Tags: Maternity, Parenting
Fatigue sure can make you think you're losing your mind. I've been known to fold a dirty basket of clothes, brush my teeth with Ben-Gay instead of toothpaste (what an experience that was), and take medicine meant for my dog.
Every parent with small children has a sleep-deprivation story like mine, so I don't feel alone. I've read about moms who have tried to put a diaper on a cat instead of changing the diaper of their crying child. I think one of the funniest stories I've read was the one about a mom who filled a sippy cup with milk, handed it to the dog, and then got annoyed when he didn't take it.
But sleep-deprivation still raises its ugly head for me every once in a while. My latest experience was just the other day. Some relatives had come into town, and we were sitting around, catching up on the family scoop (which mostly involved the latest aches and pains each of us were experiencing), when my mother brought up an incident I had never heard about before.
When my brother and I were toddlers and she was just days away from giving birth to my youngest brother, apparently a few men came to the door of our house, knocked on the front door, then brandished a gun. Dizzy with fatigue, she simply looked at the men, closed the door, and then went back to whatever she was doing before the knock on the door.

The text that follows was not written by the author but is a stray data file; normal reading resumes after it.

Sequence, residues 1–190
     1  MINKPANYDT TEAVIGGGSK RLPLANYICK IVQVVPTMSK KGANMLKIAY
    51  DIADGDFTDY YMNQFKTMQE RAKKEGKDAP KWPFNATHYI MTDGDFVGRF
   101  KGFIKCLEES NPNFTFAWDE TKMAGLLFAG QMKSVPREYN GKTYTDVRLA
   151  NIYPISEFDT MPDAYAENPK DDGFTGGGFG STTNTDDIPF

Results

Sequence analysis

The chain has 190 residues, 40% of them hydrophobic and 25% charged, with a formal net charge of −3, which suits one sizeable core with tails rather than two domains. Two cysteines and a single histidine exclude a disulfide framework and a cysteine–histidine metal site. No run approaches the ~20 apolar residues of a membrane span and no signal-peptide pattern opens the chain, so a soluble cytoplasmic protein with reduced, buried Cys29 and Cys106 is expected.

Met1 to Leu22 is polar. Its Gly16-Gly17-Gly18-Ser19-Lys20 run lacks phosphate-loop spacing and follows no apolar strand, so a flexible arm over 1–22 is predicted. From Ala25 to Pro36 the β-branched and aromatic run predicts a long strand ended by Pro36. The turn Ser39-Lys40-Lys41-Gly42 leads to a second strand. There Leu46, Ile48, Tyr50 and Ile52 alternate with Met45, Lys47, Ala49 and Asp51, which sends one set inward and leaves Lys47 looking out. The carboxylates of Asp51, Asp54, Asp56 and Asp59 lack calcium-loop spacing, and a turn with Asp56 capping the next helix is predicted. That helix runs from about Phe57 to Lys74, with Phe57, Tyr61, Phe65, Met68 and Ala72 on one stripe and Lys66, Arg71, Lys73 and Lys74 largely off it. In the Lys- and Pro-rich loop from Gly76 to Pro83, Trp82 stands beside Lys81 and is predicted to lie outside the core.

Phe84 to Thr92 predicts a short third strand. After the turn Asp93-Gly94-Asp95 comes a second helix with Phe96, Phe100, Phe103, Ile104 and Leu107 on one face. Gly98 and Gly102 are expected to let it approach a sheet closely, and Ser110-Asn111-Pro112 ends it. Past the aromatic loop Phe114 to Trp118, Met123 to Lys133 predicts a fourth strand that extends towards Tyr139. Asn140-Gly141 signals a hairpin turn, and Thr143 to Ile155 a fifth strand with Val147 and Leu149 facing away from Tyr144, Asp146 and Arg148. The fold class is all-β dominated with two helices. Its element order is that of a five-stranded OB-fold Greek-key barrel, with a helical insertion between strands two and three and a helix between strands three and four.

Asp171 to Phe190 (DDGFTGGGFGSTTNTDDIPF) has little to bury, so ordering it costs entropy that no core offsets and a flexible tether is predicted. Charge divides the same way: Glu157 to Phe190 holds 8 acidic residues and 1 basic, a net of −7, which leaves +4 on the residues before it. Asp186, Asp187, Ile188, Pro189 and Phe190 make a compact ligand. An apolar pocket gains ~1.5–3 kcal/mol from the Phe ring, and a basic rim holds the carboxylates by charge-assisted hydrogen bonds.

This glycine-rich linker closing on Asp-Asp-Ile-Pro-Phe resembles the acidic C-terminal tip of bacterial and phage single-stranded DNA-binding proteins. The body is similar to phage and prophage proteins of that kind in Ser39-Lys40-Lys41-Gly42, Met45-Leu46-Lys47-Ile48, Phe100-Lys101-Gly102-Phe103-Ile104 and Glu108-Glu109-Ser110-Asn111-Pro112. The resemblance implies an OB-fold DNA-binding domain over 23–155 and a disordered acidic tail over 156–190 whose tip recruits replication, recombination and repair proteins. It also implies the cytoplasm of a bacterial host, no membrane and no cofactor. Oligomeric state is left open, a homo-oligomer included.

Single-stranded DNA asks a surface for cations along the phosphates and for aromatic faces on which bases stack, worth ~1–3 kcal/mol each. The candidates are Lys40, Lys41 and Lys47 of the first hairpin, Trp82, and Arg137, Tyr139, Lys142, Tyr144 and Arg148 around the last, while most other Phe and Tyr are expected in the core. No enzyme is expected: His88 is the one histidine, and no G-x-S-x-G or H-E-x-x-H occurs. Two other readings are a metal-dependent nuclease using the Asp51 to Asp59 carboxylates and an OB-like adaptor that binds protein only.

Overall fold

You can just imagine the barrage of questions that followed. "Why didn't you call the police?" and "Weren't you afraid they were going to force their way in and start shooting?"
"I didn't know it was a gun," my mom said very matter-of-factly.
"If you didn't know it was a gun, why are you saying it was a gun?" I asked. "And, by the way, why haven't I heard this story before?"
"Well, I'm telling you now, and I know it was a gun because when I told your father about it when he got home from work, he said it was a gun."
"OK, explain to me why Dad was able to figure out it was a gun when you described it to him, but you didn't know it was a gun when you were looking at it," I asked.
"Because it was silver, and I thought all guns were black. And it didn't have that round thingamajiggy (the barrel) that the bullets go into," was my mom's reply.
"Who had a gun?" my aunt said.
"The guys who knocked on the door," my dad answered.
"I didn't know it was a gun, and I didn't speak Spanish back then," my mother said.
"Who doesn't speak Spanish?" someone else asked.
"The guys with the gun spoke in Spanish," came the answer.
"Why did they knock with a gun?"
(I have no idea who asked this because, having been up until 3 am grading the night before, I was not only fatigued out of my mind, I felt my head was about to explode.)
I looked at my cousin and said, "OK, I'm waaay too tired to track this conversation. I need to go home."
I remember very little about the short drive back to my house, but what stands out very clearly in my mind is the fact that we couldn't open the hatch, because as Jennifer (my cousin) was pressing the button on the hatch to open it in order to retrieve her suitcase, I was pressing the "open hatch" button to the left of the steering wheel.
Apparently my struggles with decreased brain function due to sleep-deprivation are not over.